Radio-quiet active galactic nuclei as possible sources of ultrahigh-energy cosmic rays

Asaf Pe'er, Kohta Murase, Peter Mészáros

Research output: Contribution to journalArticlepeer-review

41 Scopus citations

Abstract

Active galactic nuclei (AGNs) have been one of the most widely discussed sources of ultrahigh-energy cosmic rays (UHECRs). The recent results of the Pierre Auger observatory have indicated a possible composition change of UHECRs above ∼1018.5eV toward heavy nuclei. We show here that if indeed UHECRs are largely heavy nuclei, then nearby radio-quiet AGNs can also be viable sources of UHECRs. We derive constraints on the acceleration sites which enable acceleration of UHECRs to 1020eV without suffering losses. We show that the acceleration of UHECRs and the survival of energetic heavy nuclei are possible in the parsec-scale weak jets that are typically observed in these objects, the main energy loss channel being photodisintegration. On this scale, energy dissipation by shock waves resulting from interactions inside a jet or of the jet with surrounding material are expected, which may accelerate the particles up to very high energies. We discuss the possible contribution of radio-quiet AGNs to the observed UHECR flux, and show that the required energy production rate in UHECRs by a single object could be as low as 3×1039ergs-1, which is less than a percent of the bolometric luminosity, and thus energetically consistent. We discuss consequences of this model, the main one being the difficulty in detecting energetic secondaries (γ-rays and neutrinos) from the same sources.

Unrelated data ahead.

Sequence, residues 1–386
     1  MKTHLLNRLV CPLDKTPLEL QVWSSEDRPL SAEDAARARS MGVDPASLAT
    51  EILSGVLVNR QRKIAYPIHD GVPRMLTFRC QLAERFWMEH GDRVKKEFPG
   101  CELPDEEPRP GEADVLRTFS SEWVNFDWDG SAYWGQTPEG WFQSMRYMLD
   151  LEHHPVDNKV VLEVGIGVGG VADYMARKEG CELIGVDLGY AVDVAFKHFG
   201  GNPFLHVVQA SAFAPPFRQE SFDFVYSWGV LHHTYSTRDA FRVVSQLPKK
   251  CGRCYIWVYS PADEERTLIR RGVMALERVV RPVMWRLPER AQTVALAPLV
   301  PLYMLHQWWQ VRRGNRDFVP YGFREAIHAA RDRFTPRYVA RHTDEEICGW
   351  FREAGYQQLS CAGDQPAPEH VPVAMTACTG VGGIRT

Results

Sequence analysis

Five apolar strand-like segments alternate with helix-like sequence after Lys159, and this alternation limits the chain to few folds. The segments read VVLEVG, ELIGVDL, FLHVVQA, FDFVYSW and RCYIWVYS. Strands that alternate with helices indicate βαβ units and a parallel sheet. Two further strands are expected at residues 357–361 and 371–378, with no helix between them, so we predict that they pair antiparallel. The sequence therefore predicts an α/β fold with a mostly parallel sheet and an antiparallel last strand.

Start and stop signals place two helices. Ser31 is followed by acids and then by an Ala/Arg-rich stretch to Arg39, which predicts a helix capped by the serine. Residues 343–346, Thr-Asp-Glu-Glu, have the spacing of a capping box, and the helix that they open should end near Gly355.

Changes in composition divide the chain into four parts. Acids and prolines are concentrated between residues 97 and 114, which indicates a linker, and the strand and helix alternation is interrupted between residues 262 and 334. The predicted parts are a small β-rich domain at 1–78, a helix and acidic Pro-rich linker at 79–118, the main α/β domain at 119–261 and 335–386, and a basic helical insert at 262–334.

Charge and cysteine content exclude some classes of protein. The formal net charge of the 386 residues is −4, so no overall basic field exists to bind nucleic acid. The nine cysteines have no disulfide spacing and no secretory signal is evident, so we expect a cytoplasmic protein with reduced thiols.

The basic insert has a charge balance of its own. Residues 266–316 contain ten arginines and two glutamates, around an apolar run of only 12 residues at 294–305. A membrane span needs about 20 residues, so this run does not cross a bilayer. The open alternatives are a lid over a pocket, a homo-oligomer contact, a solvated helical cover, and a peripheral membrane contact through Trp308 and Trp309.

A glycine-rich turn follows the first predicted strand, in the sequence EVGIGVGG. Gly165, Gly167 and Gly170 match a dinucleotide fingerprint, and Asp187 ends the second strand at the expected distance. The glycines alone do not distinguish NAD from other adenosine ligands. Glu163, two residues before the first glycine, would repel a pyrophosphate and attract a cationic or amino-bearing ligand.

Original languageEnglish (US)
Article number123018
JournalPhysical Review D - Particles, Fields, Gravitation and Cosmology
Volume80
Issue number12
DOIs
StatePublished - Dec 30 2009

All Science Journal Classification (ASJC) codes

  • Nuclear and High Energy Physics
  • Physics and Astronomy (miscellaneous)

Fingerprint

Dive into the research topics of 'Radio-quiet active galactic nuclei as possible sources of ultrahigh-energy cosmic rays'. Together they form a unique fingerprint.

Cite this